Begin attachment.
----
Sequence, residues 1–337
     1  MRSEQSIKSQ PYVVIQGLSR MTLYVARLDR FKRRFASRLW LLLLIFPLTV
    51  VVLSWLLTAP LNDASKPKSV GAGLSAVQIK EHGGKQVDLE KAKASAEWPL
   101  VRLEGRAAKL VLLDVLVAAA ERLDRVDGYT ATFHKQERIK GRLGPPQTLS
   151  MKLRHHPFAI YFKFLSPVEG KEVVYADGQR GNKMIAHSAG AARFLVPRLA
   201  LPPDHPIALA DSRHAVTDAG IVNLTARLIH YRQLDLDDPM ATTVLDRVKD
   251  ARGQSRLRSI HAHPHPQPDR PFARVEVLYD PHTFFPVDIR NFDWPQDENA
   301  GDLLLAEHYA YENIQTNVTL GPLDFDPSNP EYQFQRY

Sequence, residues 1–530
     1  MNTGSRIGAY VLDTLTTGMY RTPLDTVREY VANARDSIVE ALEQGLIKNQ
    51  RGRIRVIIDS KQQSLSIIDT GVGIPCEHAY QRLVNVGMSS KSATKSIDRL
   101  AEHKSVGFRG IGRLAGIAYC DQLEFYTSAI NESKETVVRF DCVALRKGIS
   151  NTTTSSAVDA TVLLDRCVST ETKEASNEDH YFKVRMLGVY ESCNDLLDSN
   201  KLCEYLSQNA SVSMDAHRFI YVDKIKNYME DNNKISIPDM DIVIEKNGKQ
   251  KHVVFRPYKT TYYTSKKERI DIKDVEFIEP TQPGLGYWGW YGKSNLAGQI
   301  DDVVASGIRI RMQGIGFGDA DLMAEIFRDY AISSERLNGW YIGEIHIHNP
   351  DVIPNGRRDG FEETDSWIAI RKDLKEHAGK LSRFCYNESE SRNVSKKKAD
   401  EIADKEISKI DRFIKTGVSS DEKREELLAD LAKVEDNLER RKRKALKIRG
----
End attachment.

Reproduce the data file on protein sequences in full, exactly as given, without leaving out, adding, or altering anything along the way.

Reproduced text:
Sequence, residues 1–337
     1  MRSEQSIKSQ PYVVIQGLSR MTLYVARLDR FKRRFASRLW LLLLIFPLTV
    51  VVLSWLLTAP LNDASKPKSV GAGLSAVQIK EHGGKQVDLE KAKASAEWPL
   101  VRLEGRAAKL VLLDVLVAAA ERLDRVDGYT ATFHKQERIK GRLGPPQTLS
   151  MKLRHHPFAI YFKFLSPVEG KEVVYADGQR GNKMIAHSAG AARFLVPRLA
   201  LPPDHPIALA DSRHAVTDAG IVNLTARLIH YRQLDLDDPM ATTVLDRVKD
   251  ARGQSRLRSI HAHPHPQPDR PFARVEVLYD PHTFFPVDIR NFDWPQDENA
   301  GDLLLAEHYA YENIQTNVTL GPLDFDPSNP EYQFQRY

Sequence, residues 1–530
     1  MNTGSRIGAY VLDTLTTGMY RTPLDTVREY VANARDSIVE ALEQGLIKNQ
    51  RGRIRVIIDS KQQSLSIIDT GVGIPCEHAY QRLVNVGMSS KSATKSIDRL
   101  AEHKSVGFRG IGRLAGIAYC DQLEFYTSAI NESKETVVRF DCVALRKGIS
   151  NTTTSSAVDA TVLLDRCVST ETKEASNEDH YFKVRMLGVY ESCNDLLDSN
   201  KLCEYLSQNA SVSMDAHRFI YVDKIKNYME DNNKISIPDM DIVIEKNGKQ
   251  KHVVFRPYKT TYYTSKKERI DIKDVEFIEP TQPGLGYWGW YGKSNLAGQI
   301  DDVVASGIRI RMQGIGFGDA DLMAEIFRDY AISSERLNGW YIGEIHIHNP
   351  DVIPNGRRDG FEETDSWIAI RKDLKEHAGK LSRFCYNESE SRNVSKKKAD
   401  EIADKEISKI DRFIKTGVSS DEKREELLAD LAKVEDNLER RKRKALKIRG